This is especially true around the holidays. For most people, I realize that the holidays are steeped in handed-down tradition, so conversations during this time of year are particularly fraught. After all, we eschewed the traditional Thanksgiving feast and gathering some years ago, opting instead for a quiet anniversary-acknowledging retreat for just the two of us, punctuated with sushi instead of turkey and stuffing. Every year when we’re traveling during that holiday week, strangers will invariably ask about our plans for the upcoming Turkey Day. When we tell them, we’re often met with a look of bewilderment, imbued with what seems like a bit of pity. “Oh, look at them, those poor, childless nomads,” silently communicated with a knowing squint. Honestly, their reaction makes no more sense to me than my friend who thought my lack of childhood Santa magic was the saddest thing she’d ever heard.

Some years back I had “comparison is the thief of joy,” a Theodore Roosevelt quote, tattooed on my arm. I wasn’t thinking about traditions, or my lack of them, when I had it done, but the sentiment sure applies here. Particularly in our social networked time, where you can immediately compare your Thanksgiving spread or the stack of presents under your tree to those of a few hundred people you’ve known over the course of a lifetime, comparison can be a particularly unsettling thief.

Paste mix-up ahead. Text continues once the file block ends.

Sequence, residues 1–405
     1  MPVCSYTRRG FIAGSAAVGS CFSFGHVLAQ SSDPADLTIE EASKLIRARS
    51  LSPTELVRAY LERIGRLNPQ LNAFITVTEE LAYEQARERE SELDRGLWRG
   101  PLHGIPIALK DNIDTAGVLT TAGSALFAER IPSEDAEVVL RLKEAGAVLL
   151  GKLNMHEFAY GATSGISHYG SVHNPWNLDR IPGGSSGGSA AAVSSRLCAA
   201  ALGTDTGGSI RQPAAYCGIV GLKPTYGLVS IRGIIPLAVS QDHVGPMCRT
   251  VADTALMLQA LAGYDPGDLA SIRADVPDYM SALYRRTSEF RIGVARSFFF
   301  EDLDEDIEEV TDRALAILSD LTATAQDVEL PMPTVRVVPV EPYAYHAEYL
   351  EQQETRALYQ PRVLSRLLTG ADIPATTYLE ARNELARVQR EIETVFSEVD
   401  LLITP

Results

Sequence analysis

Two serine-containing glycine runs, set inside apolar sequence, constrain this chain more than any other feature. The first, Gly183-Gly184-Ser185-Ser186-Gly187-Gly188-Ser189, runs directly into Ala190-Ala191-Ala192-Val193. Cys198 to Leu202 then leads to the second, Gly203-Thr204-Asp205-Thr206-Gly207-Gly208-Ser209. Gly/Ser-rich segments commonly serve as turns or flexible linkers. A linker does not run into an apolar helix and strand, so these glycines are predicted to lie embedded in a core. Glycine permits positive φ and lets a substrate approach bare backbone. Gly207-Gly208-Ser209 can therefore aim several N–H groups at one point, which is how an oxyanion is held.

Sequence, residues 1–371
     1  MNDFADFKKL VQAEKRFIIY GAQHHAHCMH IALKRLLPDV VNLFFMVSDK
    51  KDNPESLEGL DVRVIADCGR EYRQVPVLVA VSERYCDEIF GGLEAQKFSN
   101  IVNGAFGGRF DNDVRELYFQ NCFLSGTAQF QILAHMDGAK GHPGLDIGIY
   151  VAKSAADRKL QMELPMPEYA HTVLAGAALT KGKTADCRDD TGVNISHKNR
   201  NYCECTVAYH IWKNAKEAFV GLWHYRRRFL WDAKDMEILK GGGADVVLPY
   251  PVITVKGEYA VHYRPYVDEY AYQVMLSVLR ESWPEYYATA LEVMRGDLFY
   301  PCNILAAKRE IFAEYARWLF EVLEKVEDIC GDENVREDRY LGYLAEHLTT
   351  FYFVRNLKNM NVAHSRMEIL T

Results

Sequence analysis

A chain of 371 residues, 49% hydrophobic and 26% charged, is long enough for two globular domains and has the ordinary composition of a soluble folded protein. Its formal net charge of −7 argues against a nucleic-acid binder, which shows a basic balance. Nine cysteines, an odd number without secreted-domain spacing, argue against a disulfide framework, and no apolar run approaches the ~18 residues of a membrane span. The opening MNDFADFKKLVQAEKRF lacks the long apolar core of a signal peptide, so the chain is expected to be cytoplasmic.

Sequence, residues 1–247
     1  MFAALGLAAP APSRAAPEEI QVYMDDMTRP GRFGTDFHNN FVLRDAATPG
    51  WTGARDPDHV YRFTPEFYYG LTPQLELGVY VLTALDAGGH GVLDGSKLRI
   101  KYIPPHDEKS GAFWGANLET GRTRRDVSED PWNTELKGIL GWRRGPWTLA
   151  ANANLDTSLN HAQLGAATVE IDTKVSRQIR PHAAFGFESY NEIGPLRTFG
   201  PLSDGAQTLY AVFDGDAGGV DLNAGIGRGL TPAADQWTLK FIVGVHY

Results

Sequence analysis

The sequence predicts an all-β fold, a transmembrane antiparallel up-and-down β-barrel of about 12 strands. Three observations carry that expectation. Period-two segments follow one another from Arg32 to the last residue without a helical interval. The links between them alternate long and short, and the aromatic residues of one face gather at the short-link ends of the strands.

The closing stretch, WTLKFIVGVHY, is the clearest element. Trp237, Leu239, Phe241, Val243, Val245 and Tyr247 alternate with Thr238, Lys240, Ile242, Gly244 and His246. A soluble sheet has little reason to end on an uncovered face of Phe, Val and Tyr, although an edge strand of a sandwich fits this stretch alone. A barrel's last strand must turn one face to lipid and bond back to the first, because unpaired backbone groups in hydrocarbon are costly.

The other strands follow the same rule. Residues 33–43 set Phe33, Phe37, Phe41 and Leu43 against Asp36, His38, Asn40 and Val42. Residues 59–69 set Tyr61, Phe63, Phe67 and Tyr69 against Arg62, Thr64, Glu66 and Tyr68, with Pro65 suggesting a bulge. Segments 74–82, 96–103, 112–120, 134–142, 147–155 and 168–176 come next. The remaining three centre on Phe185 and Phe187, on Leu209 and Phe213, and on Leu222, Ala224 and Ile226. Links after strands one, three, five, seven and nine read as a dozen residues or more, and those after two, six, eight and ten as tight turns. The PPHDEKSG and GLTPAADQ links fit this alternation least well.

So, friends, whether you’re Instagramming your latest Shelved Elf moment or jonesing for sushi with a friend instead of a big holiday feast, know that you’re not alone. Whatever your circumstance this holiday season, my simple hope is that you find joy in the midst of it. And may those moments of joy be the tradition worth keeping.


100 anniversaryWhen I started this blog just over two years ago, I didn’t have a plan. Or even a theme, really. I knew there were some things I needed to get off my chest, topics that required a bit more thought and space than a Facebook post would allow. And I knew I wanted to contribute to the music sharing community of blogs that I’d come to follow. But that was pretty much it.

Now, some twenty-six months later, I’ve completed an even hundred posts on a blog that I wasn’t sure would keep my interest for more than a couple weeks. The frequency of posts has tapered off a bit in recent months, a product of a cluttered life and a chest less full of things warranting removal, but I’m still committed to keeping the “Sometimes I ramble” adventure alive. Only asshats blog, as the tagline reads, and we all know I am hopelessly guilty as charged.